In mid November 2009 the U.S. government cleared for public release Ms. Gorman’s second original habeas corpus petition filed in the Supreme Court, which notes that her client was “cleared for release” in June 2009. She also reported, however, that President Obama requested the judges assigned to habeas cases to stop the hearings for those men who had been cleared for release and, thus far, the judges agreed to do this. Thus Mr. al-Ghizzawi was forced to remain at Guantanamo until (and unless) a country was found that would take him, which in his case prolonged his detention for nine additional months. In the meantime, he had no chance to have his case heard in court—despite the fact that the U.S. Supreme Court ruled in June 2008 that the detainees in Guantanamo were entitled to swift habeas corpus hearings.
Conditions of Confinement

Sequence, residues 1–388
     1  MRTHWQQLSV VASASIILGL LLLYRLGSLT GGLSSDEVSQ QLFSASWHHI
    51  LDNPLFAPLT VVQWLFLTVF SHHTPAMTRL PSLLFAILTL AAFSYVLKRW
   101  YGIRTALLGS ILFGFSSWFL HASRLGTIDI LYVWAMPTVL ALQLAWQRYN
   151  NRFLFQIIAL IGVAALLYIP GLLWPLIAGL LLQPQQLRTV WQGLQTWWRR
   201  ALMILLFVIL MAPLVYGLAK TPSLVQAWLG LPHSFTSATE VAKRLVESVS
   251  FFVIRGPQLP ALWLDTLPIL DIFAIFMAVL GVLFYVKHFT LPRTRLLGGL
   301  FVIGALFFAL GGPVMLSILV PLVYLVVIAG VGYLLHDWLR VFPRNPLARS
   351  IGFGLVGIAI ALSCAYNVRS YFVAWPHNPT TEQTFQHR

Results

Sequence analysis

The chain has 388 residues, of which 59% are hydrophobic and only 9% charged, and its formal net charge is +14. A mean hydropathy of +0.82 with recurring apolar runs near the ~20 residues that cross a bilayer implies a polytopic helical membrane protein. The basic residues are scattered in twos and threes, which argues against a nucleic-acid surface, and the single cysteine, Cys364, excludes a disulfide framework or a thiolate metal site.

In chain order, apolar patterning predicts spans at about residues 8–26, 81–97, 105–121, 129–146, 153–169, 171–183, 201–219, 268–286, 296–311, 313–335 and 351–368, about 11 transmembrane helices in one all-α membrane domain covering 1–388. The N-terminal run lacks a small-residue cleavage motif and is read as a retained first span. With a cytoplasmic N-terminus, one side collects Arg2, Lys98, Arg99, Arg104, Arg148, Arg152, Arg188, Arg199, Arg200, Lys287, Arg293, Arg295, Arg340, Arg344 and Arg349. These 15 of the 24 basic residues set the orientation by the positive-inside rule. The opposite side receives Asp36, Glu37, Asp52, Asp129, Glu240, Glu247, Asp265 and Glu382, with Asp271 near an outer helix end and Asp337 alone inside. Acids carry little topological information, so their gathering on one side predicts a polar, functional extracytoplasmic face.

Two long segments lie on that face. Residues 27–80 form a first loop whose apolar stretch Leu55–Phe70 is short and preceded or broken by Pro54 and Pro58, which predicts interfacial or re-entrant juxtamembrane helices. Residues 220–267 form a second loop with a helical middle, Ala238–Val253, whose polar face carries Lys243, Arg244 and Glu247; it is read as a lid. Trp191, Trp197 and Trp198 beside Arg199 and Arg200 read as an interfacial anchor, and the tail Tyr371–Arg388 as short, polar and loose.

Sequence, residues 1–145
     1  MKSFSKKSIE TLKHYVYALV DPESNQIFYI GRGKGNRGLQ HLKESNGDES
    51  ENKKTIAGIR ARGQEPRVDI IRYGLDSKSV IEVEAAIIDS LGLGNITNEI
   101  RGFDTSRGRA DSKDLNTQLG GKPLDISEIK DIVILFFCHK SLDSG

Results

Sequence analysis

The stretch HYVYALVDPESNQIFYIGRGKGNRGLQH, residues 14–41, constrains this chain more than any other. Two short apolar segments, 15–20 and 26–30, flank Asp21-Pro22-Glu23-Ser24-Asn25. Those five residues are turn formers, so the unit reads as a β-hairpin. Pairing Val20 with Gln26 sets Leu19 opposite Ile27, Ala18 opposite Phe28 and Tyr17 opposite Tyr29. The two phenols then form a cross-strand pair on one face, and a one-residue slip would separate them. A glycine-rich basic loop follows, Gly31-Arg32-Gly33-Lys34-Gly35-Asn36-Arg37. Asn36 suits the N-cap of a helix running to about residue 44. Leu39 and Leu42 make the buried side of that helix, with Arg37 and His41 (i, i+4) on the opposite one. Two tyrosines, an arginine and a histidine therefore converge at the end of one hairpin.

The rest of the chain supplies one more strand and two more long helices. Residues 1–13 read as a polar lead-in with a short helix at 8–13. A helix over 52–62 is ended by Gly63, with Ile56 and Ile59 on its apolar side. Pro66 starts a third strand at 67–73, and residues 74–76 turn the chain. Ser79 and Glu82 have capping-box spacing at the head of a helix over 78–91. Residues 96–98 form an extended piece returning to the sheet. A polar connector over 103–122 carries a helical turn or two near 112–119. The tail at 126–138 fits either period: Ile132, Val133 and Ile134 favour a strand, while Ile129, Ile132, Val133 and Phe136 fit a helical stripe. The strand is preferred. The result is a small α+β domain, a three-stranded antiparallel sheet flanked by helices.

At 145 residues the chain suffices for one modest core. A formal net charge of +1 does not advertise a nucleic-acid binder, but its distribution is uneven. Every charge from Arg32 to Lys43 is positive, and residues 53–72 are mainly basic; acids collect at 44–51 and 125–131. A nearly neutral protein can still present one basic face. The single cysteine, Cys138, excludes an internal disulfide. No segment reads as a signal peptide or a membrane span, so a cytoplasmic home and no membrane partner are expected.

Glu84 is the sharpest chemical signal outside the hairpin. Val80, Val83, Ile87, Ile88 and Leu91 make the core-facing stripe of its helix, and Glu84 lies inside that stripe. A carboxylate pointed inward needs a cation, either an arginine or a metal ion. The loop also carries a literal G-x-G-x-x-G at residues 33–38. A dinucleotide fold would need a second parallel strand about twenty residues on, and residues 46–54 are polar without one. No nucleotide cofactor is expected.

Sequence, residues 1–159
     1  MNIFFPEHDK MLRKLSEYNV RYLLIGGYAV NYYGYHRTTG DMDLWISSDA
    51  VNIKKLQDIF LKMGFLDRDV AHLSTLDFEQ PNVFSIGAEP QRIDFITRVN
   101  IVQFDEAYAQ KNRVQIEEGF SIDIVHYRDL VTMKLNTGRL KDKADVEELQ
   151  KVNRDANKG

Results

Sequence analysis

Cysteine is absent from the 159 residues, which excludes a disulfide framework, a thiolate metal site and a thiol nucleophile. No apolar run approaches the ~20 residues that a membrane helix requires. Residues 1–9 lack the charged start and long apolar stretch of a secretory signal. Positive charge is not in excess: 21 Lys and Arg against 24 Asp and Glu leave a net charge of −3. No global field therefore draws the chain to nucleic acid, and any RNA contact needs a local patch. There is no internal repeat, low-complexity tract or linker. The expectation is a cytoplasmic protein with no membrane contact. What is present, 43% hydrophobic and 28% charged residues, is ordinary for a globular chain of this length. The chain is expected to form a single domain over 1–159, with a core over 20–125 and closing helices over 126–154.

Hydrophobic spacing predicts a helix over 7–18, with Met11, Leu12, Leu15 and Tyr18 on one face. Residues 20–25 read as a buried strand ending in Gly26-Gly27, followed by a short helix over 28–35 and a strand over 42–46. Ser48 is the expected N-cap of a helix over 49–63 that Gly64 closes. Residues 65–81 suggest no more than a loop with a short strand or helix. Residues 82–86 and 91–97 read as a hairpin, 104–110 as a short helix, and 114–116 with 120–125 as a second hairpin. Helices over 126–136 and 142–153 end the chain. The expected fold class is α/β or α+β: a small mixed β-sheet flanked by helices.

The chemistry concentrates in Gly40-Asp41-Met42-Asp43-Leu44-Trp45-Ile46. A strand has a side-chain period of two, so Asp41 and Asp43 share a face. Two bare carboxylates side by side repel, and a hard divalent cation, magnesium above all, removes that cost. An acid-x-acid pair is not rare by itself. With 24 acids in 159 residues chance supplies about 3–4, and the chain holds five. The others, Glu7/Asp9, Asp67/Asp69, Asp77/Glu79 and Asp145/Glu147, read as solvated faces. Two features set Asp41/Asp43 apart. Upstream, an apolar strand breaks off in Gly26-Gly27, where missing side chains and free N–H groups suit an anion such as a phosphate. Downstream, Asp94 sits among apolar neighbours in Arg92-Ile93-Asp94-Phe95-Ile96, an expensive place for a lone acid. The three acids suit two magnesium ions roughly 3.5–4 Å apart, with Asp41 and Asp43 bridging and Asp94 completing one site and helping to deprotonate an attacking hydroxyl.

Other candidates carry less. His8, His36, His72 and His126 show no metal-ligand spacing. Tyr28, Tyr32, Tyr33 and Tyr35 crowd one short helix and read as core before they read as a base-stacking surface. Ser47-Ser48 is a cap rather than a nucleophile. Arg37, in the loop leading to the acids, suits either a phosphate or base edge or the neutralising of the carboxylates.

On December 7, 2006, Mr. al-Ghizzawi was among several hundred detainees moved to the newest detention camp at Guantanamo, Camp 6, which was designed to hold the majority of the detainees. According to Amnesty International, and in contravention of international standards, all detainees in Camp 6 were held under conditions of “extreme isolation and sensory deprivation for a minimum of 22 hours a day in individual steel cells with no windows to the outside.” Their cells reportedly were extremely small. The only source of light was fluorescent lighting that was on 24 hours a day, and the only air was air-conditioning, both of which were controlled by the prison guards. The detainees reportedly were allowed two hours of “recreation time” a day to be spent in a metal cage measuring four feet by four feet. According to Mr. al-Ghizzawi’s lawyer, the guards frequently arrived at his cell to give him his “rec time” in the middle of the night or, more rarely, in the middle of the day when the cage was in the hot sun. Detainees in Camp 6 had no access to radio, television, or newspapers. They were given one fiction book a week. According to his lawyer, Mr. al-Ghizzawi’s eyesight deteriorated so significantly that he eventually was unable to read. Thus he spent his time pacing in his cell. All of the detainees at Guantanamo reportedly were forbidden telephone calls and family visits, and most were not allowed to touch another human being. The detainees were not given any blankets. Their only cover was a plastic sheet.